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2015 Stanley Cup Playoff Preview: New York Rangers vs. Washington Capitals

For the fifth time in seven seasons, the Rangers and Capitals will meet in the post-season. The matchup to watch will be in goal, as Washington’s Braden Holtby is having an incredible year and will take on New York’s perennial Vezina Trophy contender Henrik Lundqvist.
The Hockey News

The Hockey News


RANGERS: The Blueshirts have all sorts of weapons on offense, but don’t need much offense at all to win. All four of their first-round wins against Pittsburgh came via a 2-1 score, and head coach Alain Vigneault utilizes his deep defense corps to limit the number of shots on star netminder Henrik Lundqvist. In fact, the Rangers’ average number of shots allowed per playoff game (26.2) against the Pens is the second-best among teams still active in the post-season. If you only average a little more than eight shots per period against Lundqvist, you’re not likely to beat the Blueshirts.

CAPITALS: The Caps are still Alex Ovechkin’s team, but in Round 1 they hung on to beat the Islanders in seven games because goalie Braden Holtby continued his magnificence in Washington’s net. And their penalty kill – which was a mediocre 14th overall in the regular season – turned aside all 14 Isles power plays. They won’t beat the Rangers if Ovechkin is held off the scoresheet, but they still need a disciplined defensive effort to match the one they’ll be facing.

The Hockey News

The Hockey News


RANGERS: Defenseman Ryan McDonagh was a beast for the Blueshirts against the Pens averaging 25:45 a game – that’s nearly three-and-a-half minutes more than his next-most utilized teammate (Dan Girardi at 22:24 a night). The Rangers captain contributed on offense as well, most notably with a game-winning goal in Game 1. McDonagh also added three assists to finish tied with Derick Brassard and Rick Nash as the top point getters in their first round. He’s everything you want in a top-pairing defenseman. And he’s just 25.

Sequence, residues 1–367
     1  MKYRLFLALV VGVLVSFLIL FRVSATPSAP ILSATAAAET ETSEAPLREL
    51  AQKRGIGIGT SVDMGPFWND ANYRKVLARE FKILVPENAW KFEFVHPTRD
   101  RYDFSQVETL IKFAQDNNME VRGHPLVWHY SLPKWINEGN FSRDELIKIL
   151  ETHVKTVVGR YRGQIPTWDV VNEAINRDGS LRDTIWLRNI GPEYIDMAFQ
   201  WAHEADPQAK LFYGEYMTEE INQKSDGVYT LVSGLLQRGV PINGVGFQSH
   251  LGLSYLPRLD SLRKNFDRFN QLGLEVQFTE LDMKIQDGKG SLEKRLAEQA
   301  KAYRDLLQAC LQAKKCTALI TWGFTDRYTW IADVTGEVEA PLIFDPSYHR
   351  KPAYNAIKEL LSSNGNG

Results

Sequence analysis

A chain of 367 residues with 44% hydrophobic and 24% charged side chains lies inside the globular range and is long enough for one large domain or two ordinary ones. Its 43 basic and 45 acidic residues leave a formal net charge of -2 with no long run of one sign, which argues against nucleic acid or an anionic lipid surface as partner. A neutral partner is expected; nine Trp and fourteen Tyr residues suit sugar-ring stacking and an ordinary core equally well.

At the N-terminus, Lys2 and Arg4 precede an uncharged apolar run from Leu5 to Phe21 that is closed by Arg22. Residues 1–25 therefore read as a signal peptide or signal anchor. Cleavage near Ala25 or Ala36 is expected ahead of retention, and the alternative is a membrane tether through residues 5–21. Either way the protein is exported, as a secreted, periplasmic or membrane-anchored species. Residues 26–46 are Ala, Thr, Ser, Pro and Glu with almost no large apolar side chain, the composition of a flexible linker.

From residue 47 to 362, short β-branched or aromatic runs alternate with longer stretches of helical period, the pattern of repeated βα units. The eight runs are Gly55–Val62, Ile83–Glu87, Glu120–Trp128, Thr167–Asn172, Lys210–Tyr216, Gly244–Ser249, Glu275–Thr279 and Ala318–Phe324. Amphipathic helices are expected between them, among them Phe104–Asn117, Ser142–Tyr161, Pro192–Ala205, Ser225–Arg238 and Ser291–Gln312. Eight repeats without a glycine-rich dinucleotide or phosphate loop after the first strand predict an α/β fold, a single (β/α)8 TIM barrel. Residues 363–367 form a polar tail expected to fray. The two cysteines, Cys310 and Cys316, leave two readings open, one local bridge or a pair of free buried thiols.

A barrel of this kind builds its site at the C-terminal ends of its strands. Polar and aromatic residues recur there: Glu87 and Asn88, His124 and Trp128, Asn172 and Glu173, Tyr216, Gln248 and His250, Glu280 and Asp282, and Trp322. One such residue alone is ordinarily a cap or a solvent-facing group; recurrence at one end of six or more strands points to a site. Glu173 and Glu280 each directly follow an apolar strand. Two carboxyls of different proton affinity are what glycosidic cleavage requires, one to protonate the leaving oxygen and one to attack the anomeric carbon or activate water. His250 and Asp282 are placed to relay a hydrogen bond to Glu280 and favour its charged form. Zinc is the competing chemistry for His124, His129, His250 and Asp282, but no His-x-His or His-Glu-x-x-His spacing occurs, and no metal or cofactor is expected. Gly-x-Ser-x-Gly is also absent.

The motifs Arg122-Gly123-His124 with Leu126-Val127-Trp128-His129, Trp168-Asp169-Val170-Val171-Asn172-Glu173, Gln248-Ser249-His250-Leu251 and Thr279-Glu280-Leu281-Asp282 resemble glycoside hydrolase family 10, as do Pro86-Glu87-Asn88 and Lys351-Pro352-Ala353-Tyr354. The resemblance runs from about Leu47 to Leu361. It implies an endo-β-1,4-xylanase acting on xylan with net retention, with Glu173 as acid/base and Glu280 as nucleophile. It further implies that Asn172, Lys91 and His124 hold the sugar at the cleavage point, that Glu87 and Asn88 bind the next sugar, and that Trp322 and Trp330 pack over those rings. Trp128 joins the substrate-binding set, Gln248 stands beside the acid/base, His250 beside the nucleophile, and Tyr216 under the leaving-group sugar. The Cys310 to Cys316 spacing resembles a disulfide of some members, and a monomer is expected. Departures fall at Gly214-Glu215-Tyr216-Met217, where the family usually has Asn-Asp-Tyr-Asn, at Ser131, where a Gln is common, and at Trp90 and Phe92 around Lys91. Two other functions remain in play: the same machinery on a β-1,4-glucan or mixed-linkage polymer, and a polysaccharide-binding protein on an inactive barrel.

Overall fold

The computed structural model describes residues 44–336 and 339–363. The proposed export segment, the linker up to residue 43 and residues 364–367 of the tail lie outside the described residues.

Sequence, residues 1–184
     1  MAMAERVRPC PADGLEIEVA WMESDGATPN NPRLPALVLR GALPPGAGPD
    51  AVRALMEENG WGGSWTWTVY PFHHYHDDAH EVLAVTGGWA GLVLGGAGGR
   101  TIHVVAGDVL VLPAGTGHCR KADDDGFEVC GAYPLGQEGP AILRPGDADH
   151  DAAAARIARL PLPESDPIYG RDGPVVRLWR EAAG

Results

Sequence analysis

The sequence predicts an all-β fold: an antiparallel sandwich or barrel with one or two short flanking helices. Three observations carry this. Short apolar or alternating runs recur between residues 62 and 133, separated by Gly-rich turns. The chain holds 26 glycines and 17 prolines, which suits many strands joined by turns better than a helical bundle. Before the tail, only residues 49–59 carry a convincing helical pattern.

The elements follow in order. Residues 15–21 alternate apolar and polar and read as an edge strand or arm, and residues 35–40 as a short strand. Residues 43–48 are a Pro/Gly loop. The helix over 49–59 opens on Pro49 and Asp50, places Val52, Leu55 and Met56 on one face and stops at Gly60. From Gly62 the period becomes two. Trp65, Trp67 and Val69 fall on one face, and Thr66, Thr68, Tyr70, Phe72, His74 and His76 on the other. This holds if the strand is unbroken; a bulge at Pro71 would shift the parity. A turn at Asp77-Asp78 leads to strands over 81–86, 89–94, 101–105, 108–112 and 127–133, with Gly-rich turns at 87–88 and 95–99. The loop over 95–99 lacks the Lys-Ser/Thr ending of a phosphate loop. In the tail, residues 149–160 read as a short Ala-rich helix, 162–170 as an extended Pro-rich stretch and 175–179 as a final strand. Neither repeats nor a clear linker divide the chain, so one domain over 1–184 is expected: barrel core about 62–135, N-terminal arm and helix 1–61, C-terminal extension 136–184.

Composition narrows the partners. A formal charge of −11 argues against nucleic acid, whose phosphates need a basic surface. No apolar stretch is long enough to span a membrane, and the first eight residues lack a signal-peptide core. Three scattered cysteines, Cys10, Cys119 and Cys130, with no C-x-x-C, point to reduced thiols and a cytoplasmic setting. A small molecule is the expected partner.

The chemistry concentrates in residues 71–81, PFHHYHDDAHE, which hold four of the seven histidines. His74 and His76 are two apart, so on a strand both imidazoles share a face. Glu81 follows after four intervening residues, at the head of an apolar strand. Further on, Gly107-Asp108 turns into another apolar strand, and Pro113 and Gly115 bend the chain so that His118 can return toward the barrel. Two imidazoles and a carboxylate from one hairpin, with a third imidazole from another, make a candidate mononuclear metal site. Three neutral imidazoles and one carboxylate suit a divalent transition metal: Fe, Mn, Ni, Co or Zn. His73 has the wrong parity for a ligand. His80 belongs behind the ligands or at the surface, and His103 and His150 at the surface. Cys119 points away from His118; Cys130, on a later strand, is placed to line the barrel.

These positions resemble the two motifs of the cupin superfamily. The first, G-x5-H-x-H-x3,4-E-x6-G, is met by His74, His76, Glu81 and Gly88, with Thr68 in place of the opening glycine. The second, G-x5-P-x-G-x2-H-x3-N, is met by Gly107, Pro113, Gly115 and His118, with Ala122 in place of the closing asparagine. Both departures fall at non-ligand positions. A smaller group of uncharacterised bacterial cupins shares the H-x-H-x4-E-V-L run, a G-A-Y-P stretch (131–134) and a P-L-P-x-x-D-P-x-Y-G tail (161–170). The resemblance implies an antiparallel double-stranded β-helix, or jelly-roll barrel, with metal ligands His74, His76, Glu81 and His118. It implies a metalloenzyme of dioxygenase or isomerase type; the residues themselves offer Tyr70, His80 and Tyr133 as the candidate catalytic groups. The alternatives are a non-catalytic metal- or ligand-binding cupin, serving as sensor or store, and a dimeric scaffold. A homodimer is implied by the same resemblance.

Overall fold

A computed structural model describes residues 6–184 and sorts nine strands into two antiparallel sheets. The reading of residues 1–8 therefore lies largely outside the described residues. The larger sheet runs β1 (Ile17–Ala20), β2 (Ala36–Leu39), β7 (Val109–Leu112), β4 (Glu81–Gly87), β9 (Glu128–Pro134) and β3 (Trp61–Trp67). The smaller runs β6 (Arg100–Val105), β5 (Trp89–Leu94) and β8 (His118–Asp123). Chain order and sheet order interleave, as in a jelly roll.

CAPITALS:Holtby posted a 1.63 goals-against average (third-best among goalies in the opening round) and .943 save percentage (second-best) against the Islanders, and even in the last two losses of the series, he posted save percentages of .946 and .952. The 25-year-old wasn’t perfect – the goal he surrendered to Frans Nielsen in Game 7 was a softie – but Holtby has maintained the regular-season form that brought him into Vezina Trophy discussions. Ovechkin is Washington’s top talent, but Holtby was its best talent in the first round.


RANGERS: 1. Star winger Martin St-Louis had just a single assist against the Pens in the first round, but after averaging approximately 16 minutes of ice time per game through the first four games, the 39-year-old logged a series-best 24:17 in Game 5 – and the six shots on net he had in that game were more than his combined shot total (4) in Games 1-4. Coach Alain Vigneault’s confidence in him is established by the minutes he gives him, and for the next game, at least, it’s likely St-Louis will be afforded more opportunities as a follow-up to that strong showing. 2. Winger Rick Nash was mentioned in Hart Trophy debates this year, but after a strong regular season that included 42 goals, the 30-year-old scored just once in the first round. He did lead the team in shots (18) and has given them solid minutes on the penalty kill. Nash has the capability to get in Holtby’s kitchen and deliver some knockout blows on offense, and won’t struggle to score for much longer. 3. Lundqvist posted the league’s second-best GAA (1.53) and third-best SP (.939) in the first round and hasn’t shown any ill effects from the vascular injury that caused him to miss 25 regular season games. If he keeps his numbers at their current level, the Blueshirts will almost certainly move on to the Eastern Conference Final. And the 33-year-old understands he may not be on many more teams this well positioned to win a Stanley Cup, so expect him to be as focused as ever.